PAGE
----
Lookup NU author(s): Dr Louise Hyslop,
Dr Lyndsey Butterworth,
Dr Nilendran Prathalingam,
Dr Yuko Takeda,
Dr Helen Tuppen,
Dr Laura Irving,
Dr Meenakshi Choudhary,
Professor Alison Murdoch,
Professor Doug Turnbull,
Professor Mary Herbert
This is the authors' accepted manuscript of an article that has been published in its final definitive form by Nature Publishing Group, 2016.
For re-use rights please refer to the publisher's terms and conditions.
Mitochondrial DNA (mtDNA) mutations are maternally inherited and are associated with a broad range of debilitating and fatal diseases1. Reproductive technologies designed to uncouple the inheritance of mtDNA from nuclear DNA may enable affected women to have a genetically related child with a greatly reduced risk of mtDNA disease. Here we report the first preclinical studies on pronuclear transplantation (PNT). Surprisingly, techniques used in proof-of-concept studies involving abnormally fertilized human zygotes2 were not well tolerated by normally fertilized zygotes. We have therefore developed an alternative approach based on transplanting pronuclei shortly after completion of meiosis rather than shortly before the first mitotic division. This promotes efficient development to the blastocyst stage with no detectable effect on aneuploidy or gene expression. After optimization, mtDNA carryover was reduced to <2% in the majority (79%) of PNT blastocysts. The importance of reducing carryover to the lowest possible levels is highlighted by a progressive increase in heteroplasmy in a stem cell line derived from a PNT blastocyst with 4% mtDNA carryover. We conclude that PNT has the potential to reduce the risk of mtDNA disease, but it may not guarantee prevention.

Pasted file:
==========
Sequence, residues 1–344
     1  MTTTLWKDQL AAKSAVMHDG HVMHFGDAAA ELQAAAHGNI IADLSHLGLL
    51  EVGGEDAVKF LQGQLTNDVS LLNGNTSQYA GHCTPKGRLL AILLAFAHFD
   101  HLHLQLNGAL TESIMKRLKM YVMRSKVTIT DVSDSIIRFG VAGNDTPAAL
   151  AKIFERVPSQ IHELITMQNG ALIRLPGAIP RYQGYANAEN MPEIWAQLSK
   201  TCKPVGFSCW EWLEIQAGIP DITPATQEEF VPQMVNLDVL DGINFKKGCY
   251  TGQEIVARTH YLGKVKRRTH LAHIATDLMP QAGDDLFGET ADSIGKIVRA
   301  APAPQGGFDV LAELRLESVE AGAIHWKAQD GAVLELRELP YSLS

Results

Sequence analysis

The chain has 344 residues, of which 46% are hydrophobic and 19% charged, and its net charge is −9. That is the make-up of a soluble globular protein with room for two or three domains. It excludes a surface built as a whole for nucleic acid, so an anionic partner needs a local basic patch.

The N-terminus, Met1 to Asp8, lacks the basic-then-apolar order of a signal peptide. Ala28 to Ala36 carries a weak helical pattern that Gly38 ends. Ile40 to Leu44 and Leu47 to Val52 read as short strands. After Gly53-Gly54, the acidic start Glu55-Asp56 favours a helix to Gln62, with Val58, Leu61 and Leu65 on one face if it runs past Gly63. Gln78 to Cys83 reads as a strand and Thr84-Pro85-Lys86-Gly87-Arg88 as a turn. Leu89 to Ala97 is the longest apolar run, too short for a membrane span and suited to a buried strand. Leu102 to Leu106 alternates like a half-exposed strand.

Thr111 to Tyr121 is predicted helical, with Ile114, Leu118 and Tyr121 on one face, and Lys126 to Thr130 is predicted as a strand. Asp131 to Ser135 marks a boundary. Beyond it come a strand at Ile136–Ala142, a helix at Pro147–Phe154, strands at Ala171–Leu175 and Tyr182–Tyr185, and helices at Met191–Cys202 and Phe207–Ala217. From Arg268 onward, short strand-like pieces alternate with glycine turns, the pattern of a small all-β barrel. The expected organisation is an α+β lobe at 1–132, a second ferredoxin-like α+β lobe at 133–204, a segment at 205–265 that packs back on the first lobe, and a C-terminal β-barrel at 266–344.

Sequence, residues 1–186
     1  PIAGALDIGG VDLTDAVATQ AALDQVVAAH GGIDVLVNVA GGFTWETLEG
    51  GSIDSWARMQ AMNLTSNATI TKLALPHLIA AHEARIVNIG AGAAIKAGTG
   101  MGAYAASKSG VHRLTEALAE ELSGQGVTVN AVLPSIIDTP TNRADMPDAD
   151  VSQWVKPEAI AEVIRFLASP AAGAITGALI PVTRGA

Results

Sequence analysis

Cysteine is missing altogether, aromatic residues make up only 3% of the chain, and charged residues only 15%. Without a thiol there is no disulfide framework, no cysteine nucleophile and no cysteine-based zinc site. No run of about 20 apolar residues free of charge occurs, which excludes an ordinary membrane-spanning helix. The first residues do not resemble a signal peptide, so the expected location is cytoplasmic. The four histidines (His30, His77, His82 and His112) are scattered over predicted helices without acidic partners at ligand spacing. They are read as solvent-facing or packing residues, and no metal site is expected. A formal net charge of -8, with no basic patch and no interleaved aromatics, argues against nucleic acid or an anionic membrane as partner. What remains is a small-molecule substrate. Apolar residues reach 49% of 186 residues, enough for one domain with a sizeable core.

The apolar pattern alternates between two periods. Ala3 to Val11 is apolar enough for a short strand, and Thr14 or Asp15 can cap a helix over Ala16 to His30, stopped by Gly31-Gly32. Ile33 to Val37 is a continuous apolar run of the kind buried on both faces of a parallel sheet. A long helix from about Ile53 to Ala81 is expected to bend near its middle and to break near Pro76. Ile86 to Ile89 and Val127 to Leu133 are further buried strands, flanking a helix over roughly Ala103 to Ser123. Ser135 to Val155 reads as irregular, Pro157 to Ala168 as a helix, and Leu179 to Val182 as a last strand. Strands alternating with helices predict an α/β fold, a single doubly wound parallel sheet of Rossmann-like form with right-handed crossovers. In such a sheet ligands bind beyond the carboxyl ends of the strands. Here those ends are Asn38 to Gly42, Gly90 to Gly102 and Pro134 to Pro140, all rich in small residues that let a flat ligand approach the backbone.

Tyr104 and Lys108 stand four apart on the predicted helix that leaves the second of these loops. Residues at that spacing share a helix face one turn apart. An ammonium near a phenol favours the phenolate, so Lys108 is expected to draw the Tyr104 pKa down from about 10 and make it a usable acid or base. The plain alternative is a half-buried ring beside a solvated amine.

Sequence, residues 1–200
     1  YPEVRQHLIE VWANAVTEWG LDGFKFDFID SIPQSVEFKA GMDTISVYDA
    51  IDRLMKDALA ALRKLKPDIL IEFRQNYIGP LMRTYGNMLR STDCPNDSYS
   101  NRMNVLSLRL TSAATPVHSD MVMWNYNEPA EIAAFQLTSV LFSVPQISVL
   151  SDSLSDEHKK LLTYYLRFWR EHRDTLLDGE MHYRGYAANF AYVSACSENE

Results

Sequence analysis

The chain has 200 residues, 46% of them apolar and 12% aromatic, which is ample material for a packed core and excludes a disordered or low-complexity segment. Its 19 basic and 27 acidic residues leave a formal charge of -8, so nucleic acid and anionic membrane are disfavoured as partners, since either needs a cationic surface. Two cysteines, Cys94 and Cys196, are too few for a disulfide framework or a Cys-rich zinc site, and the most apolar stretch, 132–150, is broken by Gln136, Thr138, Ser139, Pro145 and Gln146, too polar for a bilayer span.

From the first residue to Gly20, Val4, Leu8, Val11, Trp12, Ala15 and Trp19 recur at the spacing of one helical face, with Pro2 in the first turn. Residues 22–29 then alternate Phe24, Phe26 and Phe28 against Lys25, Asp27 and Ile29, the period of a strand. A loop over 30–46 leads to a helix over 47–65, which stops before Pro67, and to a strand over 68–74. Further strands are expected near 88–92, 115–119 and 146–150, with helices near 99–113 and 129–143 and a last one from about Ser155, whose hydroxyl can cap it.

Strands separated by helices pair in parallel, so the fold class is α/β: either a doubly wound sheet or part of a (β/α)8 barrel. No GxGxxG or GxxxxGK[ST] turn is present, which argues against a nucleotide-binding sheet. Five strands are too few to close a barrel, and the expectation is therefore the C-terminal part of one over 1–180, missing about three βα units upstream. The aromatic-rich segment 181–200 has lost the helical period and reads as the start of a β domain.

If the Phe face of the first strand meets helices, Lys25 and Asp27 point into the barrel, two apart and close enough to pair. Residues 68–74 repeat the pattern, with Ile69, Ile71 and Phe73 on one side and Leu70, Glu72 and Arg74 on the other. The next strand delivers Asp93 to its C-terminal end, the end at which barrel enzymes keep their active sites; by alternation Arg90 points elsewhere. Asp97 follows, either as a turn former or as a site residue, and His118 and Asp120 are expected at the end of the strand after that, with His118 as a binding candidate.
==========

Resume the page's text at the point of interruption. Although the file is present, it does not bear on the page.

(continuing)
Author(s): Hyslop LA, Blakeley P, Craven L, Richardson J, Fogarty NME, Fragouli E, Lamb M, Wamaitha SE, Prathalingam N, Zhang Q, OKeefe H, Takeda Y, Arizzi L, Alfarawati S, Tuppen H, Irving L, Kalleas D, Choudhary M, Wells D, Murdoch AP, Turnbull DM, Niakan KK, Herbert M
Publication type: Article
Publication status: Published
Print publication date: 16/06/2016
Online publication date: 08/06/2016
Acceptance date: 03/05/2016
ISSN (print): 0028-0836
ISSN (electronic): 1476-4687
Publisher: Nature Publishing Group
PubMed id: 27281217
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